Most developers and systems administrators know what should happen in their operating system and with their applications, but sadly, this isn’t always the case. There are times when an application has failed, or is not behaving as you expect, and you need to find out more information. By using your existing knowledge of how your application should work and some basic UNIX skills, you can trace the application to find out what is causing the problem. This tutorial will teach you the basic techniques of using tracing tools to find out what your application is doing behind the scenes.First, the tutorial looks at the distinction between debugging and tracing, and how the two solutions differ. Then it examines some specific examples of where tracing can be used to solve problems in your application. DTrace provides elements of both system tracing and debugging, and also provides you with the ability to time and benchmark applications. Finally, the tutorial shows how to trace the information being exchanged between network computers to help find problems in network applications.

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Synchronizing UNIX files

I have a new article on different ways in which you can synchronize your Unix files. From the intro:

There are many tools available that allow you to synchronize files across UNIX directories, but doing it effectively, and securely, takes a little bit more effort. This article looks at solutions for synchronizing files across UNIX filesystems and different computer systems securely, and at solutions that allow you to synchronize encrypted versions of your files for the purposes of backup.File synchronization is the process of adding, changing, or deleting a file in one location, and having the same file added to, changed, or deleted at another location. This article covers three utilties, cp, tar, and rsync, that can aid with synchronization of UNIX files. While cp and tar commands have limited synchronization abilities, rsync provides you with the full range of options; however, all three have their place.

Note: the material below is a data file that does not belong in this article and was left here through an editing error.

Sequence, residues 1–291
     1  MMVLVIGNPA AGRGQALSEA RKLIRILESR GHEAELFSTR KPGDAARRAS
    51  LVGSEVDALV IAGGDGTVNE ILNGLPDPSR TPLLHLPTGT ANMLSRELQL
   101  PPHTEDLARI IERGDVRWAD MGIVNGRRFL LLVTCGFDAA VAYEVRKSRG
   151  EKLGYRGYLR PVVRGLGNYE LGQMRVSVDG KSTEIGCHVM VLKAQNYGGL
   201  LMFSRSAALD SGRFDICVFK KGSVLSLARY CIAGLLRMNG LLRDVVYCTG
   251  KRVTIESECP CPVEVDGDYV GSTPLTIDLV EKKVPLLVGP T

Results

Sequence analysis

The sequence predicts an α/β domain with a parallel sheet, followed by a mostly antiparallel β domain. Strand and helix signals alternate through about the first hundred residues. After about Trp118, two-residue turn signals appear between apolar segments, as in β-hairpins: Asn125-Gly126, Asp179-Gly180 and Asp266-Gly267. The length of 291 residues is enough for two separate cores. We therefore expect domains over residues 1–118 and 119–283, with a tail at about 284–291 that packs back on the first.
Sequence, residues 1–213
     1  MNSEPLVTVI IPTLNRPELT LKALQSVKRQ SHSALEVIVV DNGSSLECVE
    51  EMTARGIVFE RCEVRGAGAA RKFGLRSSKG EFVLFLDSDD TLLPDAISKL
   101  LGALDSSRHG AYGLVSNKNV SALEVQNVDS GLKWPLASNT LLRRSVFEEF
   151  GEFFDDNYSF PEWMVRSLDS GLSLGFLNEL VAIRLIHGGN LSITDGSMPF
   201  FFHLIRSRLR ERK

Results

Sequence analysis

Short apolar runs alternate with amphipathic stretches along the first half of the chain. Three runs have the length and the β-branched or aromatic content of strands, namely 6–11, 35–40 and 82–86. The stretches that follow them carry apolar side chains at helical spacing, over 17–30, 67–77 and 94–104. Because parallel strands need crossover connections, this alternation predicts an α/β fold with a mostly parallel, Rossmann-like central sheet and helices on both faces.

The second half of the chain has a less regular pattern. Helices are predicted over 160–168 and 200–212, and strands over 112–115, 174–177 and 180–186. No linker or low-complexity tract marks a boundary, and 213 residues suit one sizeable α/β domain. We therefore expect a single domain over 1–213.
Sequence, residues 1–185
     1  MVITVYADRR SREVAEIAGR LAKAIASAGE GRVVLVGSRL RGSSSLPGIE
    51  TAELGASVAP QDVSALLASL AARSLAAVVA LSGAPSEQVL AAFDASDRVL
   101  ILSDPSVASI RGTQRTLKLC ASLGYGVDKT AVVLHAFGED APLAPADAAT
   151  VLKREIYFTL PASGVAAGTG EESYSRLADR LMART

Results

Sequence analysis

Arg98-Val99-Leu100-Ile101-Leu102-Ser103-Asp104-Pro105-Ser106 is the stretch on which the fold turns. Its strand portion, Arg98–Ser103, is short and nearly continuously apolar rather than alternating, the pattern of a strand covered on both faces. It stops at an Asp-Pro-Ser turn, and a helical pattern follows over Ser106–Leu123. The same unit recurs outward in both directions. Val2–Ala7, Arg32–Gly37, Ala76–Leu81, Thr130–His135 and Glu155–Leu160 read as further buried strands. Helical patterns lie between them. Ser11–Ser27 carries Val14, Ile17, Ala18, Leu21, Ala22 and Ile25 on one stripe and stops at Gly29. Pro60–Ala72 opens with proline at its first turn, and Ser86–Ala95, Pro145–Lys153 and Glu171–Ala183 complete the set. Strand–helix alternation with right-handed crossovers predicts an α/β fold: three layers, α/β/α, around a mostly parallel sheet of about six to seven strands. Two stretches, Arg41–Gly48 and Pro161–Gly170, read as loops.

Of particular interest is a script that provides an encrypted wrapper around rsync, which I use to provide a nice secure rsync-able backup. Read: Synchronizing UNIX files

LOSUG Presentation Slides Now Available

My presentation at LOSUG on tuesday went down like a house on fire – I think it would be safe to say that the phrase for the evening was ‘It’s a cache!’. For that to make sense, you need to look at the slides, which are now available here. Attendance was great, but it seems the last minute change of day meant that some people missed the session. We had 151 people register, and about 80 turned up on the night.

Systems Administration Toolkit: Using SNMP data

A new article on consuming and using the SNMP (Simple Network Management Protocol) data that is published and provided by different devices is now available: